National Monuments Under Attack

In 1906, using power granted to him by Congress under the newly passed Antiquities Act, Teddy Roosevelt declared Devil’s Tower in eastern Wyoming as America’s first national monument. Over the following 110 years, 16 of 19 presidents used the Act to designate national monuments, many which went on to become iconic national parks — including Grand Canyon, Bryce, Acadia, Olympic and Zion. President

George W. Bush used the Act to designate the first large marine monuments, protecting vast swaths of ocean to save marine life in coral reefs, whales, sea turtles and hundreds of species of fish.

But national monuments are under attack as the Trump administration seeks to slash protections for national monuments — and a hostile Congress may seek changes to the Act that would severely curtail or eliminate presidential authority to designate new national monuments.

Corrizo Plain National Monument. Photo by Michael Frye.

The Antiquities Act of 1906

The Antiquities Act, also known as the National Monuments Act, is one of America’s oldest, most important conservation laws, allowing presidents to quickly protect natural and cultural resources on public lands when Congress fails to act in order to preserve objects of “historic and scientific importance.” [] Special places and objects are protected within monument areas; they may be exempted from mining, logging or oil and gas development, though some monument designations “grandfather in” existing land uses.

Legislative history clearly demonstrates that presidents have the authority to designate, but not abolish, national monuments. []

Legal scholars believe presidents lack the authority to reduce boundaries, or weaken protections for existing monuments. [] Congress has reserved these powers to itself.


Executive Order to Review National Monuments

On April 26, 2017, President Trump signed Executive Order 13792, directing the Interior Department to review every monument designated since 1996 that is larger than 100,000 acres [], as well as any monument the secretary deemed should be reviewed. Under the terms of the order, 27 national monuments were reviewed.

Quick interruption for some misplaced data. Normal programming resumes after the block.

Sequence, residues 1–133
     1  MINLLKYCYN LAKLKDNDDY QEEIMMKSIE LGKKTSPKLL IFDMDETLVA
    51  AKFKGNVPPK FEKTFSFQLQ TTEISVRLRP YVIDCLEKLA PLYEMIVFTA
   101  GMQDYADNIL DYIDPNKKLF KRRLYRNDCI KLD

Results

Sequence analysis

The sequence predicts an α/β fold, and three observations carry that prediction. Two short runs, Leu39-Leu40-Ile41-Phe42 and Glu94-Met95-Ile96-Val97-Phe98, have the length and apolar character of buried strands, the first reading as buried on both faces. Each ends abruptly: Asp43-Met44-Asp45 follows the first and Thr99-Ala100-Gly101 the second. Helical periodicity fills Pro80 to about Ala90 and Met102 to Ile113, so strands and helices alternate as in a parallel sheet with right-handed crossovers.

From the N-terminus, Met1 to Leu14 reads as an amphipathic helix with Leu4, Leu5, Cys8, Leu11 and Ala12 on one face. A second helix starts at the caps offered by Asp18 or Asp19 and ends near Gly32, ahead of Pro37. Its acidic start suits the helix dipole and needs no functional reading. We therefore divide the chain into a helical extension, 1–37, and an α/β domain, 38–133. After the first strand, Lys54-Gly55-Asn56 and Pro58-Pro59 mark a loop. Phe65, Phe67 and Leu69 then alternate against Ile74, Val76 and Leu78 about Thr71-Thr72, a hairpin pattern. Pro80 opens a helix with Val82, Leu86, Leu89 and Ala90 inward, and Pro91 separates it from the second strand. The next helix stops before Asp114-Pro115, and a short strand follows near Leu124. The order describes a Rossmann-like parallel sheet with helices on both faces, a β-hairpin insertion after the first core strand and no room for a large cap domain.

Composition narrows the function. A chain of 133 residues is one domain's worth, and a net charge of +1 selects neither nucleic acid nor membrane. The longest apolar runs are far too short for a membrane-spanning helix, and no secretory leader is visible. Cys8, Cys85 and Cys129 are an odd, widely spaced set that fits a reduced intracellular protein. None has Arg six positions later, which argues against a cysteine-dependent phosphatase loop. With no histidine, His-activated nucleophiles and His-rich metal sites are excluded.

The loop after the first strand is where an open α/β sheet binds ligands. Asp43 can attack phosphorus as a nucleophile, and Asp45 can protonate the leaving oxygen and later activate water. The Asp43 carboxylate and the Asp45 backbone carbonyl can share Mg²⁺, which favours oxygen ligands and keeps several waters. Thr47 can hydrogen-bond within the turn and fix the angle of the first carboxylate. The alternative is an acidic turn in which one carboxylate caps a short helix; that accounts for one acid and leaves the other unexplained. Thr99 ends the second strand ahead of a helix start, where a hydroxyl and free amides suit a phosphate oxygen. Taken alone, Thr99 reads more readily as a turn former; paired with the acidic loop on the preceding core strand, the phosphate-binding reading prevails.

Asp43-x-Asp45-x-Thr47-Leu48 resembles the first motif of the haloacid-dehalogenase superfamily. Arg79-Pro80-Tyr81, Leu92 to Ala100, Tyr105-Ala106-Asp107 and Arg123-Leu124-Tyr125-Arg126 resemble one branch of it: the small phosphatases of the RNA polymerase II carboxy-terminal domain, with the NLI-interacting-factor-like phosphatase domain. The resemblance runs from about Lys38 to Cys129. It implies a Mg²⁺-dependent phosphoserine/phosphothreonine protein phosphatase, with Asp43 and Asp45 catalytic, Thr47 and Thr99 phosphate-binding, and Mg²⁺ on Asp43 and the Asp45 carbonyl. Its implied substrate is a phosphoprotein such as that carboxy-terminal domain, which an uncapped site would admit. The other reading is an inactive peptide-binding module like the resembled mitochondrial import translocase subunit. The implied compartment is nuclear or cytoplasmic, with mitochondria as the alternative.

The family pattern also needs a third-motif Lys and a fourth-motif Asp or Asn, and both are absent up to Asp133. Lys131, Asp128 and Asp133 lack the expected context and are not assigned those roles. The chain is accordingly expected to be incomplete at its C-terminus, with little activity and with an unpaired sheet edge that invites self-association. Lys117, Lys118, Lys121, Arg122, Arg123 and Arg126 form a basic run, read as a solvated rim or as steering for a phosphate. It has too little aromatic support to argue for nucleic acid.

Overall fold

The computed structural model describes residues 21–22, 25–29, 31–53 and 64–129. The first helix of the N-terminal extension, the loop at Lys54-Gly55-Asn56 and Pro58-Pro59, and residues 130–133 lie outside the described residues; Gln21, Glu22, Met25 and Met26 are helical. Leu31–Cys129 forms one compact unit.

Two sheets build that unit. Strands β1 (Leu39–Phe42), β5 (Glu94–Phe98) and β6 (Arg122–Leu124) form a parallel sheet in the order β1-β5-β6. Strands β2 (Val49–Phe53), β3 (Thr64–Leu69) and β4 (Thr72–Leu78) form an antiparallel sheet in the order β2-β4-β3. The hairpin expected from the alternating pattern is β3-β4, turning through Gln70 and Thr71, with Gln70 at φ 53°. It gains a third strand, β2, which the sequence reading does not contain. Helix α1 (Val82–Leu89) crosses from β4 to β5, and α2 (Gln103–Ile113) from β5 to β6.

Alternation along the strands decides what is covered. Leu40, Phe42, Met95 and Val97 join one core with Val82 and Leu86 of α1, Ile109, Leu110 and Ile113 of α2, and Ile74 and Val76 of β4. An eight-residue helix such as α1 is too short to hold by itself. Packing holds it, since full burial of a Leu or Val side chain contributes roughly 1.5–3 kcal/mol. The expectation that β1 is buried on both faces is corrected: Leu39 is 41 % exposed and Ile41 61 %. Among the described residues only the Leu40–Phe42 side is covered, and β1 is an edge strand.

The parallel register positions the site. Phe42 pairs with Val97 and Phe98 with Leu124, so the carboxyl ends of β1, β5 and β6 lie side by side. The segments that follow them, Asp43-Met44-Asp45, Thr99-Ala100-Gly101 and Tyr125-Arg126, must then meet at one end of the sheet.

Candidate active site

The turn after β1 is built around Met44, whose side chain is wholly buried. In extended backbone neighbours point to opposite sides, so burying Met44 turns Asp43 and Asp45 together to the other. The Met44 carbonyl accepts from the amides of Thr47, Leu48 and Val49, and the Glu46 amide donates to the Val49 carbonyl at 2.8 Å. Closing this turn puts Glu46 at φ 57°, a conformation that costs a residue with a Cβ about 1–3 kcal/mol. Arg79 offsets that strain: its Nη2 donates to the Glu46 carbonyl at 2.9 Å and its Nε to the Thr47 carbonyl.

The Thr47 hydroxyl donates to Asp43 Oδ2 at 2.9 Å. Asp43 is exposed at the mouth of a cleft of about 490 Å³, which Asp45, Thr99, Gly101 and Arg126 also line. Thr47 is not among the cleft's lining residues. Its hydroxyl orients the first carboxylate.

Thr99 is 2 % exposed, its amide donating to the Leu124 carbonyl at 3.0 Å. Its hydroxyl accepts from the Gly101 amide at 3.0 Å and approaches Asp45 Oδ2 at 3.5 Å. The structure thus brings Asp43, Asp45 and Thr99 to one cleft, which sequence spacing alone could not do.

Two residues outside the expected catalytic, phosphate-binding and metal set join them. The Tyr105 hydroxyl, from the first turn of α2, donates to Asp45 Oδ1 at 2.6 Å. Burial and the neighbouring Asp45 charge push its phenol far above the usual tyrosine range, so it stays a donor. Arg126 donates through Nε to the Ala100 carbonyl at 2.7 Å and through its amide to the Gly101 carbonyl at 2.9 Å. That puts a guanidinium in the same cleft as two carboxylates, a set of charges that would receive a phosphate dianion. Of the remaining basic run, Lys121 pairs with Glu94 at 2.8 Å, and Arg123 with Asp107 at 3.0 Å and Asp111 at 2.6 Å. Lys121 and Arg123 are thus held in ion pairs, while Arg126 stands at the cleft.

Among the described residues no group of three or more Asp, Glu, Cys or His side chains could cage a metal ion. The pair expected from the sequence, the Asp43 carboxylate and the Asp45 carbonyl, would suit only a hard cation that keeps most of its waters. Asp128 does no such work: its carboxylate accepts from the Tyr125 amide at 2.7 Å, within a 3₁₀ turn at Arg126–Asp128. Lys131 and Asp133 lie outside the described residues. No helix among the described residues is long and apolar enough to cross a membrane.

On May 5, 2017, the Interior Department started a public comment process on the 27 national monuments. Zinke visited a handful of national monuments and met almost exclusively with their opponents, including representatives of the oil, gas and timber industries. Zinke submitted his report to Trump by the Aug. 24 deadline, but the report was kept secret until it was leaked to the press on September 17.

While the Trump administration has not yet commented on Zinke’s recommendations, they call for slashing protections for 10 national monuments: Bears Ears and Grand Canyon-Escalante in Utah; Cascade-Siskiyou in Oregon-California; Gold Butte in Nevada; Organ Mountains-Desert Peaks and Rio Grande del Norte in New Mexico; and Katahdin Woods and Waters in Maine. Zinke also wants to open three marine monuments to industrial commercial fishing: Northeast Canyons and Seamounts in the Atlantic; Pacific Remote Islands; and Rose Atoll in the South Pacific. In addition to removing protections, Zinke also recommends shrinking boundaries for four monuments; Bears Ears and Grand Canyon-Escalante in Utah; Gold Butte in Nevada; and Cascade Siskiyou in California and Oregon.

Zinke claimed to be listening to the people, but instead he ignored more than 2.8 million people who wrote to the Interior Department, nearly all of them urging the administration to preserve protections for these iconic places. As he defends his recommendations against a groundswell of public support for national monuments, it’s clear that Zinke is putting corporate interests — including coal, oil, gas, logging and livestock grazing — ahead of the public lands and wildlife he promised to protect.

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1. 16 U.S.C. § 431 et. seq.

2. Rosenbaum, Robert D. March 29, 2017. "No, President Trump can’t revoke national monuments." in Washington Post.


4. 82 Fed. Reg. 20,429 (May 1, 2017).


Photo of Grand Staircase-Escalante National Monument courtesy BLM